To this point, they have not disclosed publicly any of the prospective candidates to replace Bruce Cassidy, whose payday in Vegas, according to a late Thursday report by ESPN’s Kevin Weekes, came to five years/$22.5 million. That’s great jingle, especially in the income-tax-free state of Nevada. No wonder Cassidy was beaming at his introductory news conference when asked the question about his contract terms.
Joe McDonald of the Worcester Telegram & Gazette tweeted midweek that Spencer Carbery was among those to be interviewed in Boston.
Carbery, 40, grew up in British Columbia (Neely country), and has nine years of head coaching experience, all in the minor leagues (most recently three seasons with AHL Hershey). He just wrapped up his first year as an assistant on the Maple Leafs staff.
Joe Sacco, the assistant who filled in briefly as bench boss when Cassidy was in COVID protocol this season, had his audience with Sweeney and Neely. Until further notice (maybe a 5 p.m. news release on a Friday in July?), Jay Leach has to be considered the front-runner.
Leach, 42, spent four seasons as the AHL Providence bench boss until packing up a year ago to be an assistant with the Kraken. Energetic and engaging, he has worked with a handful of Boston’s current players and knows the organizational ethos. He also has the polish and temperament to handle day-to-day media obligations, an area where Cassidy excelled from Day 1.
Another local, ex-Boston University coach David Quinn, also is on the Sweeney-Neely invite list. He has experience from his Comm. Ave. days with Terrier twins Charlie McAvoy and Matt Grzelcyk. Quinn’s three seasons as Rangers bench boss (2018-21) were underwhelming, but he did help shape a core group, as delivered by then-GM Jeff Gorton, that finally came alive this season under Gerard Gallant. The Blueshirts finally cratered, emotionally and physically, after grabbing a 2-0 series lead over the Lightning in the Eastern Conference finals.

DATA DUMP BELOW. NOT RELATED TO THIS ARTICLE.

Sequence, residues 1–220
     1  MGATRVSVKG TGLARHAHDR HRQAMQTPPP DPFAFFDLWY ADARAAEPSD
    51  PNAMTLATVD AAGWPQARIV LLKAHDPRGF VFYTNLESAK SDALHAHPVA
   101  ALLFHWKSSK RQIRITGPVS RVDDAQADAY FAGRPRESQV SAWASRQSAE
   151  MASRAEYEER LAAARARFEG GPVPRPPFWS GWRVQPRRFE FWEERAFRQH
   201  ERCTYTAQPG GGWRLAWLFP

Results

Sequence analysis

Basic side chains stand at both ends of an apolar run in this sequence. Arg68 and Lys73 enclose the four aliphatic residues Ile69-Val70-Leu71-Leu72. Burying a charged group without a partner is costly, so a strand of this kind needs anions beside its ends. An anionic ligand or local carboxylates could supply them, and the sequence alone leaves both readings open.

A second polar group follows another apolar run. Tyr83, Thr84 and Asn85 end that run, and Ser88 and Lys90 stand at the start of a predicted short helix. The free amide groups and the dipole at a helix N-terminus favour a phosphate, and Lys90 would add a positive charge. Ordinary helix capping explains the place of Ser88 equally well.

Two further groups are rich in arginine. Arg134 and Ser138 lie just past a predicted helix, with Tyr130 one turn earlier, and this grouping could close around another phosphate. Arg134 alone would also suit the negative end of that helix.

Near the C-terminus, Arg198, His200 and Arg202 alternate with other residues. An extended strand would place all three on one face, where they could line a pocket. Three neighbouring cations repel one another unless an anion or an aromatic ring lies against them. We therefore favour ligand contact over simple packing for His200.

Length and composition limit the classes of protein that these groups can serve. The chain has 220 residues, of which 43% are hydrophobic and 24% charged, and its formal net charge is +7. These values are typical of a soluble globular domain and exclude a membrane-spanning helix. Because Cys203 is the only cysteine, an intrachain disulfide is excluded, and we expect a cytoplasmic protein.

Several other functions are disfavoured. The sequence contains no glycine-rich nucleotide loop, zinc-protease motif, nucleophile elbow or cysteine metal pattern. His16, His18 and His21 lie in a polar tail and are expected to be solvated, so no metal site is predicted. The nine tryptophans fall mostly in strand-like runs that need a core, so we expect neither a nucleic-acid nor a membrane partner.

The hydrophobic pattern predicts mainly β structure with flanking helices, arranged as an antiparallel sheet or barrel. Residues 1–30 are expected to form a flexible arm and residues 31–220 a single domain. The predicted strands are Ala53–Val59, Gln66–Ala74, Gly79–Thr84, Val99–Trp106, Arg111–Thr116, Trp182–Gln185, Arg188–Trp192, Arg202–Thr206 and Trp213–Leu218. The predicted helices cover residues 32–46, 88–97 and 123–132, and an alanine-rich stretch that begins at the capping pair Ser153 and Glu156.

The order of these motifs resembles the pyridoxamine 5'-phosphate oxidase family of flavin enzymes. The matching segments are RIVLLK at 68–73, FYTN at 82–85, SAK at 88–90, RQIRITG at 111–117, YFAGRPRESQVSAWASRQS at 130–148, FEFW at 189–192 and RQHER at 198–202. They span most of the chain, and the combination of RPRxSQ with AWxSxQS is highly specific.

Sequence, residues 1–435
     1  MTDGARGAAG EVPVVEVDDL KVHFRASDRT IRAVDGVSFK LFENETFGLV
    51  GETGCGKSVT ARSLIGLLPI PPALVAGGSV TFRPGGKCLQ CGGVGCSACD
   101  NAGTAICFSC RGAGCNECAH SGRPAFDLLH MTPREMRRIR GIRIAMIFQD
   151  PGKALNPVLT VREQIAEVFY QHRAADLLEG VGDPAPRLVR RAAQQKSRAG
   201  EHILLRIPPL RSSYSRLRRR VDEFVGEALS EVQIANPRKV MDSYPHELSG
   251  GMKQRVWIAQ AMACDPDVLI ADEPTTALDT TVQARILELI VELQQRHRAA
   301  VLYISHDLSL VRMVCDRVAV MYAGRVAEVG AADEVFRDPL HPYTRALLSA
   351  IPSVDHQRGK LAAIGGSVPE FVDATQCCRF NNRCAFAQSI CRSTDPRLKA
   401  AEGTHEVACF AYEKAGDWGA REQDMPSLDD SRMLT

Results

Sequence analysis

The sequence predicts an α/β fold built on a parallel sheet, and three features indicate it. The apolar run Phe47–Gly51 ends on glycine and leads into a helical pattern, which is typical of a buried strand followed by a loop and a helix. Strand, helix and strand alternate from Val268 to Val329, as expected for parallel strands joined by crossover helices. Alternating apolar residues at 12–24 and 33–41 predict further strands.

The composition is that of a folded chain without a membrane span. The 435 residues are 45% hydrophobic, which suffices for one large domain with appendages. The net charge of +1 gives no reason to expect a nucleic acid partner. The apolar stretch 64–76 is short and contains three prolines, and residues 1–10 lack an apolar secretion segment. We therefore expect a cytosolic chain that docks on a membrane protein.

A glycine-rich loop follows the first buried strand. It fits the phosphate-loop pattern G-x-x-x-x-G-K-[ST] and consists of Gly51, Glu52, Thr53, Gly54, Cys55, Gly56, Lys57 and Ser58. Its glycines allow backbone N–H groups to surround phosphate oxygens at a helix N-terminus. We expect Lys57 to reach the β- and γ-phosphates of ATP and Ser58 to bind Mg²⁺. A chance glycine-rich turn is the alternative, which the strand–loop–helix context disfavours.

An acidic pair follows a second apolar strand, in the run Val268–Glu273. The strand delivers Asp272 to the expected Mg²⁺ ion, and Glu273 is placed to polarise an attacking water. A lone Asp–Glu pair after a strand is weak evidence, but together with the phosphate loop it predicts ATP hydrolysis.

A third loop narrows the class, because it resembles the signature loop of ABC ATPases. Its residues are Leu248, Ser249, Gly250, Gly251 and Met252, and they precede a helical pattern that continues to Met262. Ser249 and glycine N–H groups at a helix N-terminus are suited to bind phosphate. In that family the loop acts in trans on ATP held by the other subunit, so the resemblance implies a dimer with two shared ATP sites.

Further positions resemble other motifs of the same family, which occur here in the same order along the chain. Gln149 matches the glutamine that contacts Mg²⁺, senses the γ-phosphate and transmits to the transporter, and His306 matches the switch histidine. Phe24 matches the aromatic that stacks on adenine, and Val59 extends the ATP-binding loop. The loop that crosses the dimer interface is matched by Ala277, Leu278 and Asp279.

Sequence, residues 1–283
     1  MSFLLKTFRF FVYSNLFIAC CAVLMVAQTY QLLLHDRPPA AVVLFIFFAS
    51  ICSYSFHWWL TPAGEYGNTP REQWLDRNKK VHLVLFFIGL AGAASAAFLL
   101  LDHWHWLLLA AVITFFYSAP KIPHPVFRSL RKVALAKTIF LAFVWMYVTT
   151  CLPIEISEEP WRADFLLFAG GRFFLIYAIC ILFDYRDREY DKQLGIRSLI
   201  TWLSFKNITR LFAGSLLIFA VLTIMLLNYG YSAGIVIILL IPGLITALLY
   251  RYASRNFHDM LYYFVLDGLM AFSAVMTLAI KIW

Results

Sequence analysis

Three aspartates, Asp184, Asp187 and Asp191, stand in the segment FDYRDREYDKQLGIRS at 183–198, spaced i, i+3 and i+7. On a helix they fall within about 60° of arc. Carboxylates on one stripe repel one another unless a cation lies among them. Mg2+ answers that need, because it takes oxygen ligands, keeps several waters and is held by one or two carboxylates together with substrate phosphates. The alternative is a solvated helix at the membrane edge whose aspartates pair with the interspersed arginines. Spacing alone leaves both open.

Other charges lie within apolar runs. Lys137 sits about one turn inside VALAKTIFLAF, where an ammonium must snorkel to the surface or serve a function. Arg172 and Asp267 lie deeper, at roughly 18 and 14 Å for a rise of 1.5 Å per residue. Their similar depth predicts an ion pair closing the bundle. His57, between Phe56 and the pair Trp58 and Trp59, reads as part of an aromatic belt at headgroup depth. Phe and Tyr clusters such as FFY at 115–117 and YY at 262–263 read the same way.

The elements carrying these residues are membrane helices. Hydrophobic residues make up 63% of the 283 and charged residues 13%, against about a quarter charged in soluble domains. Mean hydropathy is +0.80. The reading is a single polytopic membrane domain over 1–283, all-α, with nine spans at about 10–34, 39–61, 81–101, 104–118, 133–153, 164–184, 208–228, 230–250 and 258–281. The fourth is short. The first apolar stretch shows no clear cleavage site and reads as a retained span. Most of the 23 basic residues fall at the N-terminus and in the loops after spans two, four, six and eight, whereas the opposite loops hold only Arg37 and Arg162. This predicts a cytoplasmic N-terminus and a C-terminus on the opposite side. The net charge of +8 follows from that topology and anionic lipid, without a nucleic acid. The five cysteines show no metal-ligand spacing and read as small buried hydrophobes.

No matter who takes charge of the Black and Gold bench, he will rank No. 3 to Sweeney and Neely in terms of scrutiny and pressure for the upcoming season. By ditching the successful Cassidy, thus fingering him for the postseason shortfall, they’ve fixed the crosshairs on themselves. A vocal contingent of the fandom has done the same. This is the angriest fans (and some media) have been over a coaching dismissal since Harry Sinden turfed Don Cherry as head of the Lunchpail AC in the summer of 1979.
Only months later, Sinden also turfed Cherry’s successor, Fred Creighton. Yet another reminder that Cassidy, much like the hallowed Fours on Canal Street, will be a tough act to follow.
Still waiting on Sweeney’s deal
Worth noting again, by the way, Cam Neely said on May 19 that he hoped to have a new deal for Don Sweeney tidied up in a day or two. A month gone by, not a peep from Neely or Buffalo-based ownership about where that stands.
It’s possible Bruins owner Jeremy Jacobs, 82, is paying more attention than many of us might believe. Perhaps Jacobs, who said after the fact that he went too long with Harry Sinden as boss, is feeling queasy about Sweeney’s results after seven seasons at the helm.
Reminder: In nearly a half-century of ownership, Jacobs is able to wrap his arms around only the Stanley Cup title, in 2011.